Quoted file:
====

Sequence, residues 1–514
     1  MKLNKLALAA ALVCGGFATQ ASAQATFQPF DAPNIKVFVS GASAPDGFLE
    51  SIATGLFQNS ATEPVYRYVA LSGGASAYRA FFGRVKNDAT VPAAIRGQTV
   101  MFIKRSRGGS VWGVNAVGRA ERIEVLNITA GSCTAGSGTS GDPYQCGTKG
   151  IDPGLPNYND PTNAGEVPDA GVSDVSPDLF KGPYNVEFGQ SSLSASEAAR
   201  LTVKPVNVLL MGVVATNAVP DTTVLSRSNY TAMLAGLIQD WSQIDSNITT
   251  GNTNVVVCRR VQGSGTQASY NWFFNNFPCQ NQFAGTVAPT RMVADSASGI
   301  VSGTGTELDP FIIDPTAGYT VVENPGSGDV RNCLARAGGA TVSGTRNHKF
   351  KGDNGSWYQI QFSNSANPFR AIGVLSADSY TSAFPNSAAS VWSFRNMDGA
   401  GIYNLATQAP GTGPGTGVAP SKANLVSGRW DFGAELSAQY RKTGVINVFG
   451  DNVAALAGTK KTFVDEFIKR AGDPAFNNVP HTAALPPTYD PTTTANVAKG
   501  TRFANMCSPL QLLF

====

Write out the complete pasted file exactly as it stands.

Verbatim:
Sequence, residues 1–514
     1  MKLNKLALAA ALVCGGFATQ ASAQATFQPF DAPNIKVFVS GASAPDGFLE
    51  SIATGLFQNS ATEPVYRYVA LSGGASAYRA FFGRVKNDAT VPAAIRGQTV
   101  MFIKRSRGGS VWGVNAVGRA ERIEVLNITA GSCTAGSGTS GDPYQCGTKG
   151  IDPGLPNYND PTNAGEVPDA GVSDVSPDLF KGPYNVEFGQ SSLSASEAAR
   201  LTVKPVNVLL MGVVATNAVP DTTVLSRSNY TAMLAGLIQD WSQIDSNITT
   251  GNTNVVVCRR VQGSGTQASY NWFFNNFPCQ NQFAGTVAPT RMVADSASGI
   301  VSGTGTELDP FIIDPTAGYT VVENPGSGDV RNCLARAGGA TVSGTRNHKF
   351  KGDNGSWYQI QFSNSANPFR AIGVLSADSY TSAFPNSAAS VWSFRNMDGA
   401  GIYNLATQAP GTGPGTGVAP SKANLVSGRW DFGAELSAQY RKTGVINVFG
   451  DNVAALAGTK KTFVDEFIKR AGDPAFNNVP HTAALPPTYD PTTTANVAKG
   501  TRFANMCSPL QLLF